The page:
If you have a well in your home, keep a close eye on the color of the water, which may tell you plenty about what might go on down under. If your well water turns an eerie blue or blue-greenish color, you have a problem related to either copper or zinc from bronze fixtures. This kind of phenomenon happens rarely, but you must resolve it as soon as you notice the differences to prevent poisoning from your water supply.
Copper in the Water Supply
Residual amounts of copper are normal in your water supply, but cause problems when the quantity builds up due to copper deposits in the earth below your well. Get your water tested for copper to confirm your suspicions if you do not have any copper fixtures within your well which might lead to this issue. As the microscopic copper corrodes, your water starts turning the color of the corroded material.
If you have pipes made of copper, replace them with PVC pipes to see if this corrects the problem. Copper pipes corrode as they age and release agents into the water turning it blue. This kind of process releases dangerous amounts of residual copper that may poison your water supply. Even if your copper pipes weren't the culprit, it's always helpful to prevent the issue in the first place and continue with investigations.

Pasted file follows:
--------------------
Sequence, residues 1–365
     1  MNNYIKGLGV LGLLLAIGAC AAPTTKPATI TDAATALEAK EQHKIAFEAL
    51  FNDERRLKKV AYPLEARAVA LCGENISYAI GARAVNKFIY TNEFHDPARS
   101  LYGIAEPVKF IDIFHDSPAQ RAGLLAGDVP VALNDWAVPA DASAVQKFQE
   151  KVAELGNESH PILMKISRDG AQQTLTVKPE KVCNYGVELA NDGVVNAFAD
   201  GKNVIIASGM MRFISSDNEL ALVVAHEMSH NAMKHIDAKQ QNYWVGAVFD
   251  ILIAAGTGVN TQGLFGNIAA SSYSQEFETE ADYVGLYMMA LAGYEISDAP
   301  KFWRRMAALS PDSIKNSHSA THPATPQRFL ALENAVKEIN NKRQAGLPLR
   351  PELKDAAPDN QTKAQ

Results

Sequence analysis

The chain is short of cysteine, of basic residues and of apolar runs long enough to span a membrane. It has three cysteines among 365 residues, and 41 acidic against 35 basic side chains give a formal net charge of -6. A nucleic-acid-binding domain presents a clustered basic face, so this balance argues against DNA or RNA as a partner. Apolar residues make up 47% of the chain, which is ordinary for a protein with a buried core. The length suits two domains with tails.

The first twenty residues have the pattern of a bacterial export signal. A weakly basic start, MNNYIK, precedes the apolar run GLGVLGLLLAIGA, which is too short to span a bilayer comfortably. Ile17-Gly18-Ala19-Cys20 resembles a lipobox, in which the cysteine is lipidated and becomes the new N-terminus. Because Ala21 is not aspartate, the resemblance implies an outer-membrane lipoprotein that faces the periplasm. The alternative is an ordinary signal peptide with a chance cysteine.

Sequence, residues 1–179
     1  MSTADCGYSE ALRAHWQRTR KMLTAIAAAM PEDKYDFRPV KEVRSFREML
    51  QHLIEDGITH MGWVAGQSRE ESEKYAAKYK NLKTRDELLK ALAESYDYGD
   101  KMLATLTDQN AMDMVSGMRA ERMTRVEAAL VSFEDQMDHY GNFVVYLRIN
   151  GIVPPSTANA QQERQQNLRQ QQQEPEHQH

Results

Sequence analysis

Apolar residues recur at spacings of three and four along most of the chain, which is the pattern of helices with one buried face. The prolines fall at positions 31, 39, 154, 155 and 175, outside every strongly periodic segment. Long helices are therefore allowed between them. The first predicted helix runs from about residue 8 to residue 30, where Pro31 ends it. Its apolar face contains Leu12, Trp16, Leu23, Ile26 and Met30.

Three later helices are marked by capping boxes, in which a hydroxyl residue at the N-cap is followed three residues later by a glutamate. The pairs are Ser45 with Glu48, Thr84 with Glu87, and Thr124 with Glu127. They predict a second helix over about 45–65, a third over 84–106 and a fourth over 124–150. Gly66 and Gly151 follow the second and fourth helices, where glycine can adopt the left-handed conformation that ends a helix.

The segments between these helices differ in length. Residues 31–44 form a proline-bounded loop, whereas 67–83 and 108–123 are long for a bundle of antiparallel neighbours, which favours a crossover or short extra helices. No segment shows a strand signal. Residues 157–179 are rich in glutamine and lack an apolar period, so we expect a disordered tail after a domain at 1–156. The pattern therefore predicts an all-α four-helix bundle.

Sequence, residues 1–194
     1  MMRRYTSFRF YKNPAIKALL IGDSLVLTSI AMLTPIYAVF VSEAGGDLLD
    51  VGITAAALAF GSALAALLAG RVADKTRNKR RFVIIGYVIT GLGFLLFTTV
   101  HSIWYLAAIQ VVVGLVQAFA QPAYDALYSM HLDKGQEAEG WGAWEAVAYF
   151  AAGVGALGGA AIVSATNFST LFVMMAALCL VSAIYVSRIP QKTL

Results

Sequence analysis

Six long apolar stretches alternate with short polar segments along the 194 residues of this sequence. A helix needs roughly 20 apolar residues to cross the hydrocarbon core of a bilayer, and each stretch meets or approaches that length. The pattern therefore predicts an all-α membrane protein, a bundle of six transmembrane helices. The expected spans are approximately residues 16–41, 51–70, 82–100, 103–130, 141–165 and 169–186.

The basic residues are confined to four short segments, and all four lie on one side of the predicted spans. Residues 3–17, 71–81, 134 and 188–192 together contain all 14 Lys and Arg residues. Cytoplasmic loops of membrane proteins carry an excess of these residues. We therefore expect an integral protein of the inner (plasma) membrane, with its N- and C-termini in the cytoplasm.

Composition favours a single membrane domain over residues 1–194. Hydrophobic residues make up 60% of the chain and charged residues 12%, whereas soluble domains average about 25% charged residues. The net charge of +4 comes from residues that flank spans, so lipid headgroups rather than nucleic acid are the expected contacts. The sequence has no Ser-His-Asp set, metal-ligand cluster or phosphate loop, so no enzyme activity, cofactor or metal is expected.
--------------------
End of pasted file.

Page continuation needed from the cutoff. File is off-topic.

Using water pipes to ground a home electrical circuit proves rather useful, but dangerous when done on pipes that may lead to or from a well. Sometimes the problem does not initiate from the well, but from the area where the grounding wires make contact with the pipe. Even if the pipe doesn't have any copper, the wires corrode as well, causing their residual corrosion to enter the water supply, giving off a light-bluish color. Solve this problem by using an earthing electrode next to the house instead of water piping for grounding.
Bronze faucets and other types of plumbing have a zinc coating to prevent them from getting eroded by water. After aging significantly, a bronze fixture releases the zinc on it, giving the water a clear bluish tint with no hint of any other color. You must get your water tested for zinc and replace the fixtures as soon as possible if you find out that you have zinc in the water supply. This results in similar symptoms to food poisoning if someone ingests the water.
How to Make Fake Water for a School Project
A school project such as a diorama requires a bit of creative rethinking when you're trying to re-create natural elements in miniature...